Where In The World Is ‘Salvator Mundi’? World’s Most Expensive Painting Is Nowhere To Be Found

Where is Salvator Mundi?"Salvator Mundi", presumably by Leonardo Da Vinci, circa 1500. Image from Creative Commons

The Louvre Abu Dhabi boasts its robust collection of masterpieces from different masters like Rembrandt, Degas, Monet, van Gogh, Vermeer, Mondrian, and Basquiat. Undoubtedly, it is one of highest-tier among world-class museums around the globe. The famous museum in the Persian Gulf also used to house the world’s most expensive painting ever sold – Leonardo Da Vinci’s “Salvator Mundi.”

The iconic painting, which has resurfaced recently, has been sold to an anonymous bidder for a hefty amount of $450.3 million at an auction who turned out to be the crowned prince of the Kingdom of Saudi Arabia, Prince Mohammed bin Salman.

Many mysteries have clouded the existence of the painting over centuries. For a particular time, Salvator Mundi was considered a long-lost work of the great Rennaissance Man until it resurfaced and was restored in France.

Where is Salvator Mundi?

Now, the painting is involved in another mystery that baffles a lot of art historians, enthusiasts, and even law enforcement. The renowned and highly expensive artwork is nowhere to be found. It begs the question: Where in the world is “Salvator Mundi?”

A month after the record-breaking auction sale of the painting, the culture department in Abu Dhabi has announced that it had, for some reasons, acquired the “Salvator Mundi.” They also said that the mysterious and intriguing artwork would be up for an exhibition on September last year but eventually canceled the unveiling for some unknown reasons and without any form of explanation.

Up to this point, the culture department refused to entertain questions regarding the painting and staff of the Louvre Abu Dhabi says privately that they have no idea of the painting’s current whereabouts.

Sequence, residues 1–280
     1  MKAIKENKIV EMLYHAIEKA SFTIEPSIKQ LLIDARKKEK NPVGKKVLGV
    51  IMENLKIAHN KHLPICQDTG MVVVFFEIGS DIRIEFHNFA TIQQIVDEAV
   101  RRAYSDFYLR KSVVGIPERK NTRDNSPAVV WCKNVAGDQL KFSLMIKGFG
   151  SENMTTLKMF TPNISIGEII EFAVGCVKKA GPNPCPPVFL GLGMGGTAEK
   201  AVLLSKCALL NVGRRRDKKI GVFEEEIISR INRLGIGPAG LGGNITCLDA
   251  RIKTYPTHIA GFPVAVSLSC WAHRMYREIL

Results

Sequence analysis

It’s French counterpart, Louvre in Paris, also said that they were not able to locate the “Salvator Mundi,” according to an official in the museum familiar with the discussion with Abu Dhabi. French officials who own the Louvre Museum previously expressed their eagerness to include the “Salvator Mundi” in a landmark exhibition this fall to commemorate the 500th anniversary of Leonardo Da Vinci’s death. They said that they remain hopeful that the painting will resurface right in time for the show.

Many Leonardo experts have communicated their frustration and raised alarms regarding the whereabouts of “Salvator Mundi” especially following Abu Dhabi’s Louvre’s announcement that they would be showing the masterwork to the public in their galleries.

“It is tragic,” said Dianne Modestini, a professor at New York University’s Institute of Fine Arts and a conservator who has worked on “Salvator Mundi.” “To deprive the art lovers and many others who were moved by this picture — a masterpiece of such rarity — is deeply unfair.”

Many have articulated their speculations on the whereabouts of the intriguing painting. One theory surfaced that alleging the painting to be not a real Leonardo after all and the new owners just kept it away from public’s eyes to avoid scrutiny and maintain its value. They cite the fact that even the Louvre Abu Dhabi was not able to publicly exhibit the painting.

Others offered the counter-theory that the prince of Saudi just simply wants the painting for himself. They raised the suspicion because it was still unclear how Abu Dhabi acquired the painting as they claimed from the Saudis in the first place – whether by a gift, loan, or private sale. The Suadi embassy in Washington declined to give comments regarding the matter.

Martin Kemp, an Oxford art historian who has studied the painting, described it as “a kind of religious version of the ‘Mona Lisa’” and Leonardo’s “strongest statement of the elusiveness of the divine.”

“I don’t know where it is, either,” he added.

The mystery remains

Thy mystery that shrouded the painting stretches far back to when the earliest record of the painting being owned by someone traces to England’s King Charles I. The painting, which was believed to have been created around 1500, was one of the two similar paintings in the inventory of the late king’s collection following his execution in 1649. According to Kemp, the painting then disappeared from historical records in the late 18th century.

An overly and unnecessarily conserved painting surfaced in an auction in the collection of a 19-century British industrialist. It had been so heavily painted over that “it looked like a drug-crazed hippie,” Professor Kemp said, and it was attributed at the time to one of Leonardo’s followers.

Nonetheless, the claim that the painting is a Leonardo originated only in 2005 after art collectors noticed it in New Orleans. After a thorough examination, restoration experts and art academics have eventually concluded that the painting was indeed created by the hands of the master, himself, Leonardo Da Vinci.

With so much enigma, the question that baffles the current art world still rename: Where in the world is Salvator Mundi?

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